Catoctin Creek 3, White Wine Cask RyeThose zany guys at Malt Impostor are at it again, this time, reviewing The Single Cask Nation Catoctin Creek 3 Year Old Rye Whisky.  The reviews are always crazy, but I think he liked it:

On the scale of the greatest players on the Phoenix Suns— The SCN Catoctin Creek 3 Year Old Rye Whisky (White Wine Cask) is Charles Barkley–Though he only played for a few years, he was nevertheless the league MVP on a team he led to the NBA Finals in 1992-93. Also, he was never, in any way, turrible.

Read the full review, here.

Great story on rye whiskey in Washington Post Food

Carrie Allan and Jason Wilson wrote a sweeping piece in Washington Post Food about how Prohibition almost killed off rye whiskey completely.  Luckily, in the past few years, we've seen a remarkable resurgence, but there's still a long way to go to get back to the glory days before Prohibition.  

In July, a partisan crowd gathered at Tales of the Cocktail, the annual trade conference in New Orleans, for a debate titled “The Greatest Whisk(e)y Category Is . . . .” Organized by Derek Brown, owner of several D.C. bars and the spirits adviser for the National Archives, the argument pitted peat-loving sister against limestone- loving­ brother, brand rep against brand rep, whisky against whiskey.

Southern Efficiency’s J.P. Fetherston, arguing for the supremacy of bourbon, ramped up supporters with jingoistic appeals to their patriotism. Andy Nelson of Nelson’s Green Brier Distillery waved a picket sign as his brother Charlie advocated the superiority of Tennessee whiskey. Georgie Bell, brand ambassador for Mortlach single-malt Scotch, held out for the peaty classic.

After a vote taken by noise levels (a crowd whose morning has been spent tasting spirits is not one to hold back), Chad Robinson, who as global ambassador for Catoctin Creek Distilling had made the case for rye whiskey, stood triumphant.

The article goes on to discuss the various distilleries across the country re-introducing rye whiskey to the American public, and a couple of the styles in the production of the spirit. This is a great read, so be sure to check out the full story, here.

The Dominion Collective Profile

We have a nice profile of the distillery at The Dominion Collective.  Joe Fitzpatrick does a pretty comprehensive piece, for example, this quote on why we chose to be eco-ganic:

For us, eco-ganic really is the starting point of historical accuracy. One hundred years ago, they didn’t have herbicides, fungicides, or insecticides. It was eco-ganic production; they just didn’t call it that. We felt that eco-ganic was more historically accurate with the way the spirit would  taste, and it helps support sustainable farming and, generally speaking, gives smaller farmers that are seeking a high-value means of income for their crops. So we like the whole circle of life, crunchy granola kind  of message too. But when it comes down to it, we like the taste, and the taste of the eco-ganic grain is super clean and doesn’t have any of the residues or off notes you would taste in a spirit that has been treated with these chemicals.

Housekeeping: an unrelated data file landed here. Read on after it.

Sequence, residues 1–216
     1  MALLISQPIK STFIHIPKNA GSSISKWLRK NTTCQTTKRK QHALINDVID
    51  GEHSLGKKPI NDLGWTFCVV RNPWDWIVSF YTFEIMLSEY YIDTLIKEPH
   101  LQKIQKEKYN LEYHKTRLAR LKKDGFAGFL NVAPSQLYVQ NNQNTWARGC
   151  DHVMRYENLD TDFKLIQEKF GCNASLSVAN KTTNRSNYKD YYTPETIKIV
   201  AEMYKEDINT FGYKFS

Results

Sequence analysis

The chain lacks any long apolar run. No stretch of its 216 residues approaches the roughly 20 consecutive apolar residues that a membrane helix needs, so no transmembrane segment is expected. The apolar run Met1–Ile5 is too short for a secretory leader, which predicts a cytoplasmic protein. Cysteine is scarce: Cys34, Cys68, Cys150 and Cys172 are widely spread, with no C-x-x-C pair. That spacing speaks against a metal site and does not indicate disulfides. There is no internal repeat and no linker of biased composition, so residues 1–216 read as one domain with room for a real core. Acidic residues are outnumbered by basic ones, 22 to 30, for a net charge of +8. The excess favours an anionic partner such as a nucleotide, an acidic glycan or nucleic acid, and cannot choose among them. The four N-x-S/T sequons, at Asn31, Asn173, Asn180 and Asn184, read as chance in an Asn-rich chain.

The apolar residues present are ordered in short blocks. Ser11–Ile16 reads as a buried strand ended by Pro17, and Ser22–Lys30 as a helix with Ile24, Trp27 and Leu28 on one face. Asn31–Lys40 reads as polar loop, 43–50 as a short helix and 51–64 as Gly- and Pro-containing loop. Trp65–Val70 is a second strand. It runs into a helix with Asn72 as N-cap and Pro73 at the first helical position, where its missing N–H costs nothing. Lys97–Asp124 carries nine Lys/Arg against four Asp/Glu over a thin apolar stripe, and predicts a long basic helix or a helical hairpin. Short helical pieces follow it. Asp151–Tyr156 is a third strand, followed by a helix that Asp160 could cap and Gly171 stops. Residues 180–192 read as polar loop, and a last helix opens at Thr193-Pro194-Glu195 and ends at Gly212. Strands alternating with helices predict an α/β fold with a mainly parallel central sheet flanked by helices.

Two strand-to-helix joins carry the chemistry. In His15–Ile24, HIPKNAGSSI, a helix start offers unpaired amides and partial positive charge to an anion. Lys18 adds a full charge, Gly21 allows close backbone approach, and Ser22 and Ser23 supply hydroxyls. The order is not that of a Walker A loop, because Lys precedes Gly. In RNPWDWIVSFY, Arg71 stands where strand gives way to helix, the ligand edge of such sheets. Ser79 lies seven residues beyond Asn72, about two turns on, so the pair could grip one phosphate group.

Read the full story, here.

Brandy: A Beginner's Guide on Eater

The fabulous Jake Emen does a great story breaking down the types of brandy found worldwide.  A wonderful Brandy 101 for beginners:

"The only times I really hear brandy referenced, it's the most generic, cliché image of a stuffy old white man in a smoking jacket with a snifter by a fireplace drinking some unpronounceable French brandy," says Chad Robinson, an all-around brandy enthusiast, and brand ambassador for Catoctin Creek, a Virginia distillery which produces a range of brandies, in addition to whiskey and gin. Yes, brandy can be enjoyed in that form and fashion. But no, that's not all there is to it.

Read the full story, here.

Latest News

Maxim: Best New American Rye Whiskeys of 2021

Recent coverage in Maxim magazine was quite good: Catoctin Creek teams up with metal maestros of havoc, gore and monstrosity GWAR for their highly limited edition Ragnarök Rye release. The intergalactic monsters apparently traveled to Purcellville, Virginia to destroy Planet Earth...

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AP: American distillers look to rebuild business in Europe

The EU tariffs on American whiskey are finally gone!  After three long years, we can now compete on a fair basis of free trade.  Bruce Schreiner writes for the Associated Press: With the trade barrier coming down, Catoctin Creek Distillery in...

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Whiskey Vault has fun and reviews Cask Proof rye

I think they enjoyed it.  Have fun with this!  Thanks for the review, guys! {youtube}bxHIjWwPRPg{/youtube}

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Contact Us

Catoctin Creek Distillery

Catoctin Creek Distillery
120 W Main St
Purcellville, VA 20132

Tel +1-540-751-8404

catoctincreek.com

buyvirginiarye.com